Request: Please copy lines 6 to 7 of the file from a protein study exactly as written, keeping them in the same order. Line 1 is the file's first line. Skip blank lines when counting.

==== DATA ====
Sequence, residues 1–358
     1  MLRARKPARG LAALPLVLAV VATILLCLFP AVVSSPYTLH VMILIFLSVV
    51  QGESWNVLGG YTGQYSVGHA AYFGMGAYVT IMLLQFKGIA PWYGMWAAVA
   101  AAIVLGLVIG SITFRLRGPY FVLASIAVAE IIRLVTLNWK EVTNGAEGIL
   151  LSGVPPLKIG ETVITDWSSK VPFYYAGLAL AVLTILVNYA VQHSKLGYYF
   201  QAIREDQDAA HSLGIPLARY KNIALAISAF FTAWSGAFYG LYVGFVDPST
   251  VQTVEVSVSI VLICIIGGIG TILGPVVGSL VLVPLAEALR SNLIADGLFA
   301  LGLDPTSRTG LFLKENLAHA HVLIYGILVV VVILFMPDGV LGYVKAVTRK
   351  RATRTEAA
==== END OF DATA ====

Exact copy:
   201  QAIREDQDAA HSLGIPLARY KNIALAISAF FTAWSGAFYG LYVGFVDPST
   251  VQTVEVSVSI VLICIIGGIG TILGPVVGSL VLVPLAEALR SNLIADGLFA